Working in groups or Working in Teams
Not all groups are teams.
are usually characterised by members having their own individual work
to do within the overall project
(Katzenbach and Smith 1993)
y comparison, have
team purpose that the team delivers
. Teams discuss, decide and do real work together
using their complimentary
set of skills
to produce a final collaborative outcome
(Katzenbach and Smith 1993).
Students commonly sub
project into tasks for each member to work on
individually, before bringing it all together for synthesis just before submission
. Although this approach may initially seem like the most straight
many problems that can crop up
Lack of flow in the final project due to different individual approaches
Inadequate standard of work and/or detail by one or more individuals
ast minute changes
can result in a very late night (or early morning) for the person or people trying to
synthesize the project.
ly, by dividing tasks like this
students miss out on
both the synergies of effective teamwork
, and the quality out
comes this can produce,
development of the
fundamental skills required for working effectively with others (Zeff and
It is commonly recognised in the workplace that a higher level of performance can be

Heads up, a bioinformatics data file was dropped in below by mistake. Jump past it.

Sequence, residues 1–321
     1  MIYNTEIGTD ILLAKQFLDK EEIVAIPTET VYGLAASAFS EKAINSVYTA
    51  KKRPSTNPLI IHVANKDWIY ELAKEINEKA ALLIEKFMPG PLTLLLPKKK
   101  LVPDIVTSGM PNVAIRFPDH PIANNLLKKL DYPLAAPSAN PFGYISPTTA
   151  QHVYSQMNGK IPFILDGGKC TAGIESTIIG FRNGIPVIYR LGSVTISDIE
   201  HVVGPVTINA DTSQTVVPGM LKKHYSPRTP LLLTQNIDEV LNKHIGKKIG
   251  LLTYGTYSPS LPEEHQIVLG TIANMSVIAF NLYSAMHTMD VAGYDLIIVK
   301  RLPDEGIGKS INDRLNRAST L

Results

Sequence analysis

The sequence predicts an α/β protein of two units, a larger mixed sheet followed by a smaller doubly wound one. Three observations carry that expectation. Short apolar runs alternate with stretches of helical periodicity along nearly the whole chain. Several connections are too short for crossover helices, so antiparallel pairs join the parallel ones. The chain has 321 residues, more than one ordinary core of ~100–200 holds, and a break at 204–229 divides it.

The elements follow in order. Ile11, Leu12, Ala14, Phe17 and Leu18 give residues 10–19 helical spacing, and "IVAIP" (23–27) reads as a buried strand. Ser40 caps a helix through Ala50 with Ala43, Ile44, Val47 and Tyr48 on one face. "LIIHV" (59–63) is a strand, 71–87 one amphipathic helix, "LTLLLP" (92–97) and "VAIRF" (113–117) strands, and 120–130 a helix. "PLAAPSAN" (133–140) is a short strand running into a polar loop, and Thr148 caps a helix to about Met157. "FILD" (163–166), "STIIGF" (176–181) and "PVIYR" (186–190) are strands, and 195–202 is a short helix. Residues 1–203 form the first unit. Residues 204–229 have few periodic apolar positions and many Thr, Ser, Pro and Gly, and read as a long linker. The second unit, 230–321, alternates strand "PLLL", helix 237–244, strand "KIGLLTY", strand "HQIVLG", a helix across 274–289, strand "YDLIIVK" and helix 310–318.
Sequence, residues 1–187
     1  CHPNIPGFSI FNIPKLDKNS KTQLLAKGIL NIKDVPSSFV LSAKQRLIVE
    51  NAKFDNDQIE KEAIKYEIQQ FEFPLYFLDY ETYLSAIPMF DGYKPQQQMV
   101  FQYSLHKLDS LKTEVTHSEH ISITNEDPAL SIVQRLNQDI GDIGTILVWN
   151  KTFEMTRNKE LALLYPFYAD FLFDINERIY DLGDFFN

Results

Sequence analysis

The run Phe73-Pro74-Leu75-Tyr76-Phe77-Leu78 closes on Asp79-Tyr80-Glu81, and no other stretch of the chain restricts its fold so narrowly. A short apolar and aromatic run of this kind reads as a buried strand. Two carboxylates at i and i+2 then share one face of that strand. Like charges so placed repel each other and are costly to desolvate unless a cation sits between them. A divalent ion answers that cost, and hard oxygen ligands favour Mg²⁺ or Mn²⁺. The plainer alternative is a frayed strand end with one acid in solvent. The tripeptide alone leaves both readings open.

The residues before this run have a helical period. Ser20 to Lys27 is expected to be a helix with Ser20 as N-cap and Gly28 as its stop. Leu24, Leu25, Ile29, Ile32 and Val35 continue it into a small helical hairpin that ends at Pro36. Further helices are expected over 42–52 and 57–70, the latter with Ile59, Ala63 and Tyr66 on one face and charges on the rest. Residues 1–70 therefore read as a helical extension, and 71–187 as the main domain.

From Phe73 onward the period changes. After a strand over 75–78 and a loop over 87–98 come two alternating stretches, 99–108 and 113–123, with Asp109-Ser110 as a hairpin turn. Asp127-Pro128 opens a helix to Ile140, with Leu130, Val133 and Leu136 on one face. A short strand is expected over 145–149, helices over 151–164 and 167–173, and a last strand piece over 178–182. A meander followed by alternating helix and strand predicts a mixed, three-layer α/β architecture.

achieved by greater synergy as
a result of individuals collaborating and working together
the entire project (Katz 1997) e.g. team members
each other’s work
as a team
(Zeff and Higby 2002). A
collaborating as a team
Greater learning from team outputs
Improvement of team methods
Greater development of skills required for working with others
(Zeff and Higby 2002).
The key point
make sure you
work as a team, not as a gr
Katz, R. 1997. How a team at Digital Equipment designed the ‘Alpha’ chip. In R. Katz (ed.),
The human side of managing technological innovation (137
). New York: Oxford
Katzenbach, J.R. and D.K.
Smith. 1993. The D
ipline of T
Harvard Business Review
Zeff, L.E. and M.A. Higby. 2002. Teaching more than you know.
Quaterly 6 (3).